The Admiral’s Daughter
It is 1803, and Commander Thomas Kydd’s mission is to patrol home waters in order to suppress the smuggling trade. His friend Renzi joins him as captain’s clerk, also guiding Kydd’s steps in social situations when ashore. His coaching works well enough that Kydd attracts the interest of an admiral’s daughter, Persephone. The relationship develops to the degree that society assumes they will shortly become engaged. Then Kydd’s ship Teazer is damaged, and the ship must remain in an isolated Cornish cove for repairs. Kydd and Renzi lodge with the local squire, who unfortunately has a lovely, shy daughter, Rosalynd, and Kydd is again smitten. Word of his unfaithfulness reaches the admiral, who vows to bring about social and professional ruin for the man who has tarnished his family’s honor.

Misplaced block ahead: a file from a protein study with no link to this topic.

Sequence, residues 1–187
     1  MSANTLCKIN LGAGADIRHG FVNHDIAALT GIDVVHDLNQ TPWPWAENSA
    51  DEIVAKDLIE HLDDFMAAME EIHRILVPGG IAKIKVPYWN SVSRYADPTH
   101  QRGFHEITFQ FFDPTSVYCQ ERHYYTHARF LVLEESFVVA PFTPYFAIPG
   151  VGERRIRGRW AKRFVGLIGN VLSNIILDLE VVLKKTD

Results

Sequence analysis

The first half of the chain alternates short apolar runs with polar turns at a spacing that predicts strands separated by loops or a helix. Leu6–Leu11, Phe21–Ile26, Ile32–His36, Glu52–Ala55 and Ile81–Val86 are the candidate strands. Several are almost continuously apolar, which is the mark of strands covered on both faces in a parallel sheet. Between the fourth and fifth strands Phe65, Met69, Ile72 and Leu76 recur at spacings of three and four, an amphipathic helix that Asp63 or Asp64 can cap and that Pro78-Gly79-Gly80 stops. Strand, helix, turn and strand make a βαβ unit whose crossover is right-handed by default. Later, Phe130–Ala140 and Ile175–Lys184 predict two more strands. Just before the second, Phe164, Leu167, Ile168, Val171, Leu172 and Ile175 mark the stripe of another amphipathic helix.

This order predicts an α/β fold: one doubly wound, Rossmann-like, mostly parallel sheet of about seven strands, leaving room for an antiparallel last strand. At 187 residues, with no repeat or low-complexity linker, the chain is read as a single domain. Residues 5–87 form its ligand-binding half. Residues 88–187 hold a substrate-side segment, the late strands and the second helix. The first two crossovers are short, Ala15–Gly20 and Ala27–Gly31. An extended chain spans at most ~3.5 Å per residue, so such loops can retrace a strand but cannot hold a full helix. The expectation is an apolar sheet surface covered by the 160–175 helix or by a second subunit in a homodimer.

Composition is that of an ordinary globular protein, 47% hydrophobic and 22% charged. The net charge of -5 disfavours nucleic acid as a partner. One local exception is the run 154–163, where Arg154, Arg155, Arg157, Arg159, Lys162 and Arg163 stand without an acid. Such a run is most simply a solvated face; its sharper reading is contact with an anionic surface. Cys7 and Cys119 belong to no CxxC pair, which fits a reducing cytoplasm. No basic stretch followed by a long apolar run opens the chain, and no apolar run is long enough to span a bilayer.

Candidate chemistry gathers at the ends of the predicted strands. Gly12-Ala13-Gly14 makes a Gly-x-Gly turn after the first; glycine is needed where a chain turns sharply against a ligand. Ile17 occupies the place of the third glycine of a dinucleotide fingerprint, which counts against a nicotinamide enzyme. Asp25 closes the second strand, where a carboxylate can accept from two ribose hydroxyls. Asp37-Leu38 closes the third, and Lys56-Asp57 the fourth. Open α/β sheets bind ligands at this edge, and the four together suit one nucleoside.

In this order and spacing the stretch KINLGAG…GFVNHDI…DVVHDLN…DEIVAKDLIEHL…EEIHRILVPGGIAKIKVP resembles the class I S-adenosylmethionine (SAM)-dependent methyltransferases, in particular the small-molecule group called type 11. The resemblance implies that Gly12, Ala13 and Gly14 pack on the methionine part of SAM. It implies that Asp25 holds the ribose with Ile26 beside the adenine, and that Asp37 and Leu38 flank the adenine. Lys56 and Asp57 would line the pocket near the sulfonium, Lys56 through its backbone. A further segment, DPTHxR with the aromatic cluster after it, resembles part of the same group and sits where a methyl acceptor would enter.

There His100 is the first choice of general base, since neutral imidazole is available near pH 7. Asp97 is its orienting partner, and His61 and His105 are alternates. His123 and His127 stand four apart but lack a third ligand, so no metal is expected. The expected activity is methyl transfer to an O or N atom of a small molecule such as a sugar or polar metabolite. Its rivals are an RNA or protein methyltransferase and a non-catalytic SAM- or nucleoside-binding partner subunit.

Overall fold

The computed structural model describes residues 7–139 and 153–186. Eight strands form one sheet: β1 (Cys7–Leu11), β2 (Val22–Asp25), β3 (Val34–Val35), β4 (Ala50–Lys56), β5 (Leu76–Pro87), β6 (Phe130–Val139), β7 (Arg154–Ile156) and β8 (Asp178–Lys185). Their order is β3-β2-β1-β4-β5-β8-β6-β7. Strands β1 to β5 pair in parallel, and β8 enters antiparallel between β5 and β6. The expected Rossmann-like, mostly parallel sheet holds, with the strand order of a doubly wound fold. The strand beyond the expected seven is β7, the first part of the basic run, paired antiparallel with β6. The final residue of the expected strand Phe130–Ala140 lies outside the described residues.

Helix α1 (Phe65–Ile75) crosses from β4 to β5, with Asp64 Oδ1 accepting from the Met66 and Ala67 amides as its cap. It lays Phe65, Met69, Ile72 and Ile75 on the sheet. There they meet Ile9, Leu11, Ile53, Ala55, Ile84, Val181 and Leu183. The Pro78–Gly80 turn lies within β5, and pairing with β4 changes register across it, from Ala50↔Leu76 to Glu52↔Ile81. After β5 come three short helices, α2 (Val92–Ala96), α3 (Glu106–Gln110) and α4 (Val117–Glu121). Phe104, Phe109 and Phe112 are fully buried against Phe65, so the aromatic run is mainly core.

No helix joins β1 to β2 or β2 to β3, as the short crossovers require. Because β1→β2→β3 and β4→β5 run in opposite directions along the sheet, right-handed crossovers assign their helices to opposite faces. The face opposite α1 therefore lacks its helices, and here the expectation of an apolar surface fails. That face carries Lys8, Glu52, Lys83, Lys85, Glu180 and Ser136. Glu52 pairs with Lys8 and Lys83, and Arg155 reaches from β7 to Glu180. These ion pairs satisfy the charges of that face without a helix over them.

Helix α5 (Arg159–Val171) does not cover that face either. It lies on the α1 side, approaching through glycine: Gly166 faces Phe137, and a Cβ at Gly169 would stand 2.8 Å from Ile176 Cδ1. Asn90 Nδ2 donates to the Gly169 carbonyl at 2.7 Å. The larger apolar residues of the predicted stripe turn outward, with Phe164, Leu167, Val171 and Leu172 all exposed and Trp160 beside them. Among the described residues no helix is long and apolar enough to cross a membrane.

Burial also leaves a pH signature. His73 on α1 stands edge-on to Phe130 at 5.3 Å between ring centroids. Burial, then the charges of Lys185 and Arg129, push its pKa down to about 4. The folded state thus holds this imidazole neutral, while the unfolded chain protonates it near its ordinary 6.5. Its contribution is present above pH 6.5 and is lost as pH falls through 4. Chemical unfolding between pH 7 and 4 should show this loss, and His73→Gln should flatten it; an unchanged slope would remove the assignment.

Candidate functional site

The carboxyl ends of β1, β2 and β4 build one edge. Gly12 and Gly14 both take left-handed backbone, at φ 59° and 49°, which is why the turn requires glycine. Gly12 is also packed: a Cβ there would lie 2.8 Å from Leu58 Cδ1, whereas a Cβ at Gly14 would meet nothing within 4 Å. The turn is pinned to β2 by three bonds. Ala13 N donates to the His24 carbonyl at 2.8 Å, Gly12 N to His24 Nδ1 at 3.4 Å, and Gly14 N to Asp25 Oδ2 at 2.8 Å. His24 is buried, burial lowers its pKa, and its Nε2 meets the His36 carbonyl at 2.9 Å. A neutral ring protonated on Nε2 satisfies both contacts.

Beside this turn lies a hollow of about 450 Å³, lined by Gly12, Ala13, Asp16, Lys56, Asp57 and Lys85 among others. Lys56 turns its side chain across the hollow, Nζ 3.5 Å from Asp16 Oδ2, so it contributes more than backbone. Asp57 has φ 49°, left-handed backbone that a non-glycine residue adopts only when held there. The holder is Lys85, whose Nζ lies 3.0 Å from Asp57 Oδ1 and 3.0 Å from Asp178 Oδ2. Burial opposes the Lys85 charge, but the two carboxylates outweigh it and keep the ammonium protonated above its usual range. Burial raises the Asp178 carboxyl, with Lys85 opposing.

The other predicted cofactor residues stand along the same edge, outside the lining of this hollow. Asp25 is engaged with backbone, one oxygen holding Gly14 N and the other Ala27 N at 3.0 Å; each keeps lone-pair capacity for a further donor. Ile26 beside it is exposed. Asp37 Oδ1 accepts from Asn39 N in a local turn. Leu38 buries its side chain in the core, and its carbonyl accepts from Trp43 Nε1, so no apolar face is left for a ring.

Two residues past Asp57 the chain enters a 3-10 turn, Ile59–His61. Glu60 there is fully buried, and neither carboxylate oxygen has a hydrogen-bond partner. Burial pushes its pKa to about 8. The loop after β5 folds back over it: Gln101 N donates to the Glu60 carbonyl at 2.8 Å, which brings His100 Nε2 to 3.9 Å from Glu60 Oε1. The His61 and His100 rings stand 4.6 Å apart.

Fans of fast-paced adventure will get their fill with this book: there are at least four major plot threads. I enjoyed learning about naval lore, some of which this landlubber didn’t “get” when reading sea stories by other authors. There is a nice scene in which a sailor from the Teazer, working undercover to catch the smugglers, learns how difficult a fisherman’s life can be. One example of Stockwin’s humor is particularly appealing: “Commander Kydd, lord of sixteen guns and suzerain of near a hundred men, agreed meekly and followed his sister.”
I have not read other volumes in the series, and felt the lack. A recent tragedy in Renzi’s life is only hinted at, and undoubtedly the back story would have made his and Kydd’s relationship clearer. I was annoyed by the two main characters’ manner of speech: Stockwin renders Kydd’s lower class origins as a profusion of dropped word endings and apostrophes, while the educated Renzi’s conversation borders on the bombastic. Their dialogue got to be a bit tiresome.
Kydd: The Admiral’s Daughter (UK)
357 (US), 352 (UK)